Congratulations You Got a New Car - picture of young female looking out window of new car

Congratulations, You Got a New Car (Payment)

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Why are some people proud of going further into debt? It seems like every other week, someone I know is bragging about their new car on Facebook. Was I sleeping when borrowing money became some sort of accomplishment? “Look at me. I just restarted another six years of monthly payments!”

Pardon me if I don’t stand up and cheer.

Someone I know even took it as far as posting their new car payment along with their photo, with a claim that they actually saved money by buying new. “With zero percent interest,” she said, “it was a much better deal to just buy new,” adding that “it meant I could spend a lot more for the same payment!”

Pardon me while I vomit. I’m pretty sure I’ve got around $200,000 in open credit when you add up all of our personal and business credit card accounts, but it would be foolish for me to go on a shopping spree. Can you imagine if I went balls to the wall and spent it all? What if I bought a yacht? Took out an aircraft loan and bought a helicopter? Bought a private island? Would you pat me on the back?

“Hey, look at me, guys! I spent $200,000 and now I need to pay it back for like, the next hundred years. Hooray!”

Why Financing Stuff Obscures Reality

This, my friends, is why financing stuff is rarely a good idea. If you’ve got the money to pay cash for a car but opt to take advantage of a low APR offer, fine. I get it. But if you don’t have the money and need to borrow to make the purchase work, you’re not doing yourself any favors.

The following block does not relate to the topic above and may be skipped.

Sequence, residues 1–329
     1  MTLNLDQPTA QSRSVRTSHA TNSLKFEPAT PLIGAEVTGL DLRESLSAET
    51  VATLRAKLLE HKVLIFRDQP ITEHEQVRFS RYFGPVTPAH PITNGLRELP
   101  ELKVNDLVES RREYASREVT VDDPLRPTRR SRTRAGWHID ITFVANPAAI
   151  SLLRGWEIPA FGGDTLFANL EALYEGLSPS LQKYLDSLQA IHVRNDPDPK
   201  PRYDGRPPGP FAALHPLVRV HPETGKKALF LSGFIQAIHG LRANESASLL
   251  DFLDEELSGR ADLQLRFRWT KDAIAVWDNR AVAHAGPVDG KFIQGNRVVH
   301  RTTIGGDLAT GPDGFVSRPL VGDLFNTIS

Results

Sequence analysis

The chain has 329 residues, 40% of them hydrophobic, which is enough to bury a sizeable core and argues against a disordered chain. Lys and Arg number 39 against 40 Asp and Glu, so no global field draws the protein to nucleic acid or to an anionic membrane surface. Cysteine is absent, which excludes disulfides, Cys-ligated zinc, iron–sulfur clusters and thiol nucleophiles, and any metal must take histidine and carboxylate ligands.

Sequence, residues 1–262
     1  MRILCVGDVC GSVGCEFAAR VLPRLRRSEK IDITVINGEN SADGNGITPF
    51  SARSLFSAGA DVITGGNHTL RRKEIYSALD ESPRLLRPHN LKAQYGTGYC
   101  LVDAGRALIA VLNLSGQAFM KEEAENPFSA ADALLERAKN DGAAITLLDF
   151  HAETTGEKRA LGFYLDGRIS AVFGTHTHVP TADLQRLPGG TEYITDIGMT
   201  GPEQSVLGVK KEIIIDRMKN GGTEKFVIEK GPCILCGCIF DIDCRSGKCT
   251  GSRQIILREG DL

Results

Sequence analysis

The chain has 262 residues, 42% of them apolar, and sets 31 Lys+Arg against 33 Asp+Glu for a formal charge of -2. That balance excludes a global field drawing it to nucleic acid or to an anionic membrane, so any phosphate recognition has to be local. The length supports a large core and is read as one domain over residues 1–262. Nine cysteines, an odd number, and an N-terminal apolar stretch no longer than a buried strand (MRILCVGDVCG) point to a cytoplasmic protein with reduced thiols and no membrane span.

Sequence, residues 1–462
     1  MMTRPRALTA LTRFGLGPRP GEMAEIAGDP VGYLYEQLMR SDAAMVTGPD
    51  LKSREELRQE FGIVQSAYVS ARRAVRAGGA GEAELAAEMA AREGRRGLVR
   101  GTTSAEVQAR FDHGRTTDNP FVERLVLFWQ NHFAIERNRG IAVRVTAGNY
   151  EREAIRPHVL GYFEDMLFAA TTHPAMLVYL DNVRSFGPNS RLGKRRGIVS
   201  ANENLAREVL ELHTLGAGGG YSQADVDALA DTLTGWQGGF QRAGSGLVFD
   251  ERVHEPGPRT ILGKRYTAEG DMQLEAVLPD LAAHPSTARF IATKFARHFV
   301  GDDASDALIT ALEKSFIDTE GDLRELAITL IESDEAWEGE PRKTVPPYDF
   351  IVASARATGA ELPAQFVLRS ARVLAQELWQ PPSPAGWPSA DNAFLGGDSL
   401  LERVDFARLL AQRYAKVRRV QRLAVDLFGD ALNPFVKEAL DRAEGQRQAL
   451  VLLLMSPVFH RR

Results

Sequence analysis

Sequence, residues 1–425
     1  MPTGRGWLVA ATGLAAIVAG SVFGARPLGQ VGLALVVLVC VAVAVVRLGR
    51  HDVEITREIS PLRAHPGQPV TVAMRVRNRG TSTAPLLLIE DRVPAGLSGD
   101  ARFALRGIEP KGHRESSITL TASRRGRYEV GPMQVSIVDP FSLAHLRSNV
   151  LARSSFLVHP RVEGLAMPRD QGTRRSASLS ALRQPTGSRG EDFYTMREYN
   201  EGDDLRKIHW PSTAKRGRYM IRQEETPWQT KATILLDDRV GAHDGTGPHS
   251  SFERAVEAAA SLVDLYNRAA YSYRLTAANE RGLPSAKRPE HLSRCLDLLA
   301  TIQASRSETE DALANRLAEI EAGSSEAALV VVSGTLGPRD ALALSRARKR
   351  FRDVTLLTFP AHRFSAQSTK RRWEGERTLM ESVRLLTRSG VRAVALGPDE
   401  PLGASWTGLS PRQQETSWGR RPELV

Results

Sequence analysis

Because, when you focus on the monthly payment, and the monthly payment only, you’re losing track of how much money you’re actually spending on your car, your boat, or whatever else. Like my Facebook acquaintance said, she felt she could spend more because the monthly payment wouldn’t change that much.

And that’s where the danger lies. Financing stuff, whether we’re talking about cars, furniture, or that nose job you have always wanted, obscures the real cost. And when you focus on the monthly payment, it’s easy to justify spending a lot more than you planned.

And that’s how you end up with a $35,000 car that requires payments until your kid is ready for college.

Congratulations, You Got a New Car Payment

Personally, I think things like cars should be paid with cash – or at least only purchased if you have the cash in the bank. Like I said, I get it when people take advantage of 0% APR offers and stuff. Sometimes, it’s just a matter of doing the math.

But don’t fool yourself into thinking that car dealerships are offering awesome rates cause they like you; they’re banking on the fact that you’ll spend a lot more that way. And most of the time, they’re right.

Here’s the truth: When you finance a car, you don’t own it. The bank owns it, and you’ll own it after you make those 72 monthly payments whether you like it or not. You didn’t “get” a new car; all you got was a big, fat loan to service. That new car smell will be around for a few weeks, but that payment is going to last forever.

Do you think auto loans are a wise idea? Have you ever spent more on a car than you planned?